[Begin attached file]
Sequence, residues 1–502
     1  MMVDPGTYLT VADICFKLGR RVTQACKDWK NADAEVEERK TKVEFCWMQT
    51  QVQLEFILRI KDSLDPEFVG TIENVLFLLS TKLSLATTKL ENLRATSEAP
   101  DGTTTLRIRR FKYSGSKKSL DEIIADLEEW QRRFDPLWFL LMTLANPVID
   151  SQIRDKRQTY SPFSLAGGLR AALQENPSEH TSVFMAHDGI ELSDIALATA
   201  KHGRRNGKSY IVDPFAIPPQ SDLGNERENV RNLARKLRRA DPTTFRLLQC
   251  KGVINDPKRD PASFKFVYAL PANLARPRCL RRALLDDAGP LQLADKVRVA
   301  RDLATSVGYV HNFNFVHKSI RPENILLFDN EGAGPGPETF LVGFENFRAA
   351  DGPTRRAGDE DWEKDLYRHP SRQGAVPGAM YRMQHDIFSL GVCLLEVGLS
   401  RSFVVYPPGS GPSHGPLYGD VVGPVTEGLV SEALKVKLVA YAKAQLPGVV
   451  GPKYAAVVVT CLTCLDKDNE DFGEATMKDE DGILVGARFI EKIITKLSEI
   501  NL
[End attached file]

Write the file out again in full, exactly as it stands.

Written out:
Sequence, residues 1–502
     1  MMVDPGTYLT VADICFKLGR RVTQACKDWK NADAEVEERK TKVEFCWMQT
    51  QVQLEFILRI KDSLDPEFVG TIENVLFLLS TKLSLATTKL ENLRATSEAP
   101  DGTTTLRIRR FKYSGSKKSL DEIIADLEEW QRRFDPLWFL LMTLANPVID
   151  SQIRDKRQTY SPFSLAGGLR AALQENPSEH TSVFMAHDGI ELSDIALATA
   201  KHGRRNGKSY IVDPFAIPPQ SDLGNERENV RNLARKLRRA DPTTFRLLQC
   251  KGVINDPKRD PASFKFVYAL PANLARPRCL RRALLDDAGP LQLADKVRVA
   301  RDLATSVGYV HNFNFVHKSI RPENILLFDN EGAGPGPETF LVGFENFRAA
   351  DGPTRRAGDE DWEKDLYRHP SRQGAVPGAM YRMQHDIFSL GVCLLEVGLS
   401  RSFVVYPPGS GPSHGPLYGD VVGPVTEGLV SEALKVKLVA YAKAQLPGVV
   451  GPKYAAVVVT CLTCLDKDNE DFGEATMKDE DGILVGARFI EKIITKLSEI
   501  NL